There’s something about the way they’re both standing, in the middle of the elevator, one of Quinn’s feet on the pocket Scrabble board, that suddenly feels completely meaningful.  Like--these are the words they’ve been meaning to say to each other all along.

“I’m not a very good friend,” Quinn finally says, in a weak effort to break through Rachel’s questioning stare.

“I suspect that I’m not either, though I can’t say I’ve had a lot of--” Rachel starts to say, and Quinn silences her with a finger to the lips.

“I got a nose job when I was thirteen because everyone hated me.  And I wanted to hate you, because you were me, but you didn’t crumble the way that I did.  You just got on with your life, and your talent and drive pissed me off like nothing else, because I didn’t have that.  I wasn’t good enough for m parents, or my peers, and I changed as much about myself as I could to become good enough.  But I’m still not good enough, because I’m not perfect, and--”

Her hand is batted away after a moment, and then Rachel’s--God, what on earth is she thinking?  Hugging is possibly the worst idea ever, what with the constant weight on Quinn’s lungs, and then Rachel’s saying, “Sorry, I should have asked, but--I didn’t want to risk you saying no”, low and right into her ear.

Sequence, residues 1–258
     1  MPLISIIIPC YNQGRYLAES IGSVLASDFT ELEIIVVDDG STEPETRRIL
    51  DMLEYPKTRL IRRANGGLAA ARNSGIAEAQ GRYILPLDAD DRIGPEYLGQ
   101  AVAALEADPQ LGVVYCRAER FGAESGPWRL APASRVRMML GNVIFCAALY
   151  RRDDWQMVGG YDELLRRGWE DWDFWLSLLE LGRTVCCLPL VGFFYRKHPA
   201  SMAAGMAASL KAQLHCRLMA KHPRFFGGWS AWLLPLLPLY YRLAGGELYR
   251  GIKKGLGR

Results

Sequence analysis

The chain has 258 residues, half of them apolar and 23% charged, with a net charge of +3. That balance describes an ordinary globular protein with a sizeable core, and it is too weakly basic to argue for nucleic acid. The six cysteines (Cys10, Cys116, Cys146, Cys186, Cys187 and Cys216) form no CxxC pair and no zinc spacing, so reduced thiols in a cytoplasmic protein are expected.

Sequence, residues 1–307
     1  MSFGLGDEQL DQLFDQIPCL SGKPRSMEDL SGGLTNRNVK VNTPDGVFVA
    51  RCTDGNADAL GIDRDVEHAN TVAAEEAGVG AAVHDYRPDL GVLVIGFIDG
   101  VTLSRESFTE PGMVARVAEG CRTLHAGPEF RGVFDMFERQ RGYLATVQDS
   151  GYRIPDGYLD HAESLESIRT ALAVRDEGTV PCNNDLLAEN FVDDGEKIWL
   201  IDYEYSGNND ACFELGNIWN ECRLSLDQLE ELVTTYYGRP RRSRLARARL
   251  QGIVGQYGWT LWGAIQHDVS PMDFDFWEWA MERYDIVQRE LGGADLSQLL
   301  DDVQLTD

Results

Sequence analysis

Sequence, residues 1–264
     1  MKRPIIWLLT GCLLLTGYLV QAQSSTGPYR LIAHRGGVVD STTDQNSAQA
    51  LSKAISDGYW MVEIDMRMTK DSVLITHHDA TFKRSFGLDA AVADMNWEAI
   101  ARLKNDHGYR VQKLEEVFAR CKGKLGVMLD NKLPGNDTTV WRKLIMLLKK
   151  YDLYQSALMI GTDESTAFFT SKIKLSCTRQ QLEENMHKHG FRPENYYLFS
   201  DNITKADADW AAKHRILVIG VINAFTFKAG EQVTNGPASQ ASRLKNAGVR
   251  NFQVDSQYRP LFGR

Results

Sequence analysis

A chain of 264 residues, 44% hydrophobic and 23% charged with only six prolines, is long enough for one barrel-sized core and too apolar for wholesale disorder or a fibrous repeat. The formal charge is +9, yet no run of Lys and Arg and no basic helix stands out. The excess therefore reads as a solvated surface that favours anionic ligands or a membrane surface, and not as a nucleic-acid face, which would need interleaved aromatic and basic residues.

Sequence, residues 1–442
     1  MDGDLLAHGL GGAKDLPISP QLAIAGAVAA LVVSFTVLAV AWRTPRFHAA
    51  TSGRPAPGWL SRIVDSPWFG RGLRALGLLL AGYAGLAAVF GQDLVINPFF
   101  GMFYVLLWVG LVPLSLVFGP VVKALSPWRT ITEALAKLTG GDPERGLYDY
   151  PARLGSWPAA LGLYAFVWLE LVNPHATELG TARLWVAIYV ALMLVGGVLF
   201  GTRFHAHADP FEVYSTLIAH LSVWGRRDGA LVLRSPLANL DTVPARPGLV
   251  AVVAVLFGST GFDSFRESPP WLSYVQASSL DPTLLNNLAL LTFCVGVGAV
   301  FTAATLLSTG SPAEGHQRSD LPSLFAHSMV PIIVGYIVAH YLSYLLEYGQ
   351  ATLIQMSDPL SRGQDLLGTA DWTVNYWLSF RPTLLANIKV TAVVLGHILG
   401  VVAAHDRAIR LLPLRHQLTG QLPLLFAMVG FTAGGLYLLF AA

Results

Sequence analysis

The elevator lurches, and they stumble into the wall behind Quinn together, suddenly pressed together even closer, and--

“You can do better than Finn.  And I don’t just mean New York,” Quin says, when Rachel pulls back a little, finding her footing again.

“You can do better than Ohio,” Rachel responds, in barely anything more than a whisper, and her eyes flicker up and down Quinn’s face.  “I... I know that when we leave this elevator, you’re probably going to stop talking to me again, and it’s fine.  I get it.  No matter what I decide to do, out there, Finn is between us, and I don’t blame you for being angry about how our situation resolved itself--I would be too, in your shoes.  But--promise me, while we’re in here, that you’ll try.”

Quinn can’t find any words whatsoever, even as the elevator starts a steady climb up to the eighth floor again, and really--all she wants to do is tear her eyes away and push Rachel off her, but it's like she just can't.